When you eliminate the barriers of walls within certain areas of your home, you can instantly make a space feel bigger – which is one of the reasons why open floor plans have become such a popular design trend.
Open floor plans are often used in the kitchen, with homeowners opting to forgo the wall between the kitchen and living or dining room in favor of an area that is more spacious, accessible and flexible. But this interior design strategy isn’t just useful for kitchens. No matter where in the home it is applied, open space plans offer many benefits.
Bathrooms without barriers
In addition to making the rooms look bigger, they can also all allow for a more fluid, consistent and cohesive aesthetic, as well as a convenient layout to maximize the use of space. This is especially beneficial in rooms that typically tend to feel small and cramped, such as bathrooms.
“Because so much time is spent there, more homeowners are requesting bigger bathrooms,” explained Alure Designer Roe Mikelinich.
“Open floor designs can make a small bathroom feel more spacious.”
There are many ways to make a bathroom feel bigger and more spacious. On the more extreme end of the spectrum, you have the option of completely combining the master bedroom with the bathroom, making it reminiscent of some luxury hotels’ master suites. These layouts can be chic and somewhat edgy, providing homeowners the ability to enjoy some of the features of their bedroom, such as their TV or a fireplace, while they take a bath or get ready for bed. On the other hand, it also eliminates privacy – which is why they are certainly not for everyone.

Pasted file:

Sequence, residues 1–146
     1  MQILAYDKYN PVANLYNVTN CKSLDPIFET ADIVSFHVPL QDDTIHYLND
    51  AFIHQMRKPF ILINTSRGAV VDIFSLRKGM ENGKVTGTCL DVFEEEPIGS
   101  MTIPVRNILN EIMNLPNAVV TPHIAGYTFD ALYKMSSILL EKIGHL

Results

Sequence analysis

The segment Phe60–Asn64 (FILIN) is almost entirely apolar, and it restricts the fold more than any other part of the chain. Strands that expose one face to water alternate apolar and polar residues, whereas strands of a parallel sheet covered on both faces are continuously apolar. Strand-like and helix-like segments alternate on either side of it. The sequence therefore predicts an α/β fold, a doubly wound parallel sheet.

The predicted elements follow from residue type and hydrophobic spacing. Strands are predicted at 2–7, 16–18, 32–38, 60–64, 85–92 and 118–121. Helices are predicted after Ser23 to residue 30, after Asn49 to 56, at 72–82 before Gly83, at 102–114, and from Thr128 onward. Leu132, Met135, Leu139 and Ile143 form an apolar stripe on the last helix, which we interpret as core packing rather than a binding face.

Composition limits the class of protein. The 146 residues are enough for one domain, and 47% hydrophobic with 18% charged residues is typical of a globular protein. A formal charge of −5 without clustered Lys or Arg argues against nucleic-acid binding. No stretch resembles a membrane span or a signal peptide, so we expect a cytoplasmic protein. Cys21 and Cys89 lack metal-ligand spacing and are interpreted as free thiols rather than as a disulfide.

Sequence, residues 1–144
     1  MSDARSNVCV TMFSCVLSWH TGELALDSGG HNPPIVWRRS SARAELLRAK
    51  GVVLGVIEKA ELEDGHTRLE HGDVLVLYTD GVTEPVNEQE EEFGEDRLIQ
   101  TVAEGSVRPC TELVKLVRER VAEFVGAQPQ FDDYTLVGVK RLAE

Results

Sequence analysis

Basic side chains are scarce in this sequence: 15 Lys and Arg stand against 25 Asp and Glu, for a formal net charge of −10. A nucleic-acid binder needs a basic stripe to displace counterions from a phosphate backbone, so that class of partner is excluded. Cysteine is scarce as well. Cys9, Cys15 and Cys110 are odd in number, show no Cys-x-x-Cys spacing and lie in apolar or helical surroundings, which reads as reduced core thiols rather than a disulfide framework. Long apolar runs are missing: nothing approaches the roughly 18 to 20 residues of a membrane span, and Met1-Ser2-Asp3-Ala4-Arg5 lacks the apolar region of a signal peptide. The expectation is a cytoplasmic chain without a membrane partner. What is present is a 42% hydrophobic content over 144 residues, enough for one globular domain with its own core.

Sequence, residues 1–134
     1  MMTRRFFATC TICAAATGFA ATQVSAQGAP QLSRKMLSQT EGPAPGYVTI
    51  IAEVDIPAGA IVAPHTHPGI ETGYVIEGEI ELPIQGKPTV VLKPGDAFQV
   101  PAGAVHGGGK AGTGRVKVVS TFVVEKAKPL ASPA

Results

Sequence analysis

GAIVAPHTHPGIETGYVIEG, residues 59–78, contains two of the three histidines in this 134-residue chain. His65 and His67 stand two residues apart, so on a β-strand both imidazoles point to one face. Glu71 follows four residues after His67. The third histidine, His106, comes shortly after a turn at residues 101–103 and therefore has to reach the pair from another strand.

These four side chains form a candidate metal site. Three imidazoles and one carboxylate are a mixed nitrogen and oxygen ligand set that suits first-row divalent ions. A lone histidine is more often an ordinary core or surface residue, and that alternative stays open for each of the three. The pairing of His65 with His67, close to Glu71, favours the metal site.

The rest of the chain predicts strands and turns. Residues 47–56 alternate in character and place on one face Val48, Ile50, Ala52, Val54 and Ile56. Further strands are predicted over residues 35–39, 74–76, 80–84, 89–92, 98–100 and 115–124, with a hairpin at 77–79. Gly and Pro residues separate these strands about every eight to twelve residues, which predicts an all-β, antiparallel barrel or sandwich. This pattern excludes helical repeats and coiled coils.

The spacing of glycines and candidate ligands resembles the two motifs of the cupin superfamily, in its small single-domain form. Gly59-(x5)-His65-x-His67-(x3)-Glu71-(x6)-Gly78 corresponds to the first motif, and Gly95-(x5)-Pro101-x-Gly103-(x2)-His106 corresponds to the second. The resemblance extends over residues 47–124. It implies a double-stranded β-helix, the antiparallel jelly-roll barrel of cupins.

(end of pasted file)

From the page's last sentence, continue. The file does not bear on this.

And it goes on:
But you don’t need to completely merge your bathroom and bedroom together to enjoy the benefits of an open space design. If you want to make the room itself bigger, one option is to “build it out” by knocking down a wall between the bathroom and an adjacent area, such as a closet that you don’t often use. However, there are also ways to create a more open and spacious bathroom by working only with the room as it is now and replacing, updating and remodeling what you already have.
Create a wet room
One of the easiest yet most effective ways to implement an open space design in the bathroom is to transform it into what is referred to as a “wet room.”
Mikelinich explained that wet rooms are often made up of a continuous floor, two drains and a shower rain head that hangs down from the ceiling. There is no shower door – everything is encased behind custom glass. Because shower and bath tubs are often the fixtures that take up the most space in a bathroom, focusing on breaking down the barriers around them makes sense. When designing a wet room, there are specific factors to consider.
“For the shower floors, smaller mosaic tiles are recommended because the pitch of the drain needs to be a certain way so the water doesn’t pool,” Mikelinich said. “The biggest tile will usually be a three by three. As far as the walls in the shower, you can use whatever kind of tiles you want. Larger subway tiles are gaining popularity, but there is a wide range of options to choose from.”